Hospital boss defends herself over fat cat claims

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A HOSPITAL boss in South Tyneside who’s been labelled a ‘NHS Fat cat’ over her salary says she’s devastated by the claims.

Lorraine Lambert, chief executive of South Tyneside NHS Foundation Trust, says’s she’s NHS to the core and actually refused a pay rise during the finical year of 2011/12 to save the service money.

The things written about me have been twisted in a way which isn’t correct.

Lorraine Lambert, chief executive of South Tyneside NHS Foundation Trust

Ms Lambert, who has worked for the NHS for 36 years, found her picture splashed across the front of the Daily Mail today under the headline of ‘Greed Of The NHS Fat Cats’.

The story claimed NHS bosses were milking the system by taking £35m in pay rises during the worst funding crises in a generation.

It went on to say that Ms Lambert withdrew from the NHS pension scheme when her pension pot approached the tax-free lifetime allowance limit, which was then £1,5m in 2012/13

Plus the following year she took an extra £20,000 top of her £165,000 salary – as ‘compensation’ for missing out on yet more NHS pension benefits after choosing to leave the scheme.

Ms Lambert told the Gazette that she is now looking into taking legal action over the way the facts and figures have been construed.

She said: “I’m not under any illusion, I do get a handsome wage for the job in which I do.

“But to be placed on the frot page of a national paper and to suffer a personal attack like this is devastating.

“Everyone who knows me, knows how committed to South Tyneside and the NHS I am, and I will be until the day I retire, if you cut me in half I am NHS to the core.

“The things which have been written about me have been twisted in a way which isn’t correct. I made it clear three years ago that I did not wish to accept any pay rises and nor would I accept any for the rest of my career within the NHS.

“In reality I actually have one of the lowest salaries when compared to chief executives from other trusts, even the paper’s own table says the average pay taken home is £189,000, so I am unsure why I have been singled out.”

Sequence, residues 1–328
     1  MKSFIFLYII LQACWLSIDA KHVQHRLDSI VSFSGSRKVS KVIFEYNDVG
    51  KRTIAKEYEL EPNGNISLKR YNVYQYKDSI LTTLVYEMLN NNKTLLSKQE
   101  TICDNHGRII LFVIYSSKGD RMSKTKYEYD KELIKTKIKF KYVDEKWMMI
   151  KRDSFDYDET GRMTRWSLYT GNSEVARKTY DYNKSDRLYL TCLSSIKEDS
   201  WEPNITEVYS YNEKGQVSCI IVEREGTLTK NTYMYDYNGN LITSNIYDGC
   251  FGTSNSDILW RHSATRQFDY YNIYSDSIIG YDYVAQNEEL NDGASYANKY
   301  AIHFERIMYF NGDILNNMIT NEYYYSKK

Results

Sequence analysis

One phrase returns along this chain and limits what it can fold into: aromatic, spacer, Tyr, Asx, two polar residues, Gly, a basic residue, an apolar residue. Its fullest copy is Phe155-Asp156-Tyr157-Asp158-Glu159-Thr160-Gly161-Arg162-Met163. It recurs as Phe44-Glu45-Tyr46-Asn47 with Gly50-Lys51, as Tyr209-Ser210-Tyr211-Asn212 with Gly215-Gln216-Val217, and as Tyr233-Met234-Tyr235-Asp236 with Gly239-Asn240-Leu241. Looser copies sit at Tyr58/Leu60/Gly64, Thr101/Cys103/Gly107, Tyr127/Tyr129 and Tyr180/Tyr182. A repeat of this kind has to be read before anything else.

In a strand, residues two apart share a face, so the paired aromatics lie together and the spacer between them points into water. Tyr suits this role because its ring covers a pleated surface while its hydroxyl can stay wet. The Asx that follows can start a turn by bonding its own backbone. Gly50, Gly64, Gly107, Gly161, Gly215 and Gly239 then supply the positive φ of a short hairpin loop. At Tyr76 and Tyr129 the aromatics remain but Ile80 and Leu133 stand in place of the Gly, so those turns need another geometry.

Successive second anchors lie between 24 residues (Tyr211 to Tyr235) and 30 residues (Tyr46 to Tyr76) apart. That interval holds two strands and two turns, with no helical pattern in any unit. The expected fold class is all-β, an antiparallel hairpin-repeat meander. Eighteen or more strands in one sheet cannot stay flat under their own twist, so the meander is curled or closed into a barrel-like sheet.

Hospital boss explains pension pot

Ms Lambert, who retries later this year, says it is correct that she came out of the pension pot in 2012/13 as part of the flexible retirement scheme which is offered to all NHS staff.

In total 184 of the borough’s Trust workers also came out of the scheme during the same period.

On July 1 2011, community health services in Gateshead, South Tyneside and Sunderland transferred to South Tyneside NHS Foundation Trust from NHS South of Tyne and Wear as part of the Government’s Transforming Community Services programme.

It was during this time that the hospital board’s independent remuneration committee decided, that as Ms Lambert’s work load had increased, then so should her salary by between £40k to £50k - but she refused to take any rises.

However, the following year she did receive £20k ‘gesture of goodwill’ which consisted of employer’s contributions towards her pension, the amount she would have received anyway had she have still been in the scheme

She said: “It’s making out like there’s this £1.5m pot of money just sitting there, that’s the forecasted amount should I, god willing, have access to if I live for another 30 years beyond retirement.

“It’s not actual real money just lying there, if I don’t live that long, then obviously I won’t receive anywhere near that amount.

“As with most pensions the employee puts an amount in and so does the employer.

“I was given the £20,000 after I refused the pay rise, but had I have still been in the scheme, I would have received it anyway, so it was a case of cash being moved from one pot to another, no new costs were incurred.

“I haven’t cost the NHS any extra money for a number of years, but my successor will probably end up being paid more than me for the role they are required to do.”

Ms Lambert says the one good thing to come from this is the support she’s already received from people.

She said: “I have had numerous emails from people telling me to keep my chin up, they know how dedicated I am to the NHS and to South Tyneside. I will be taking both union and legal advice about this matter.”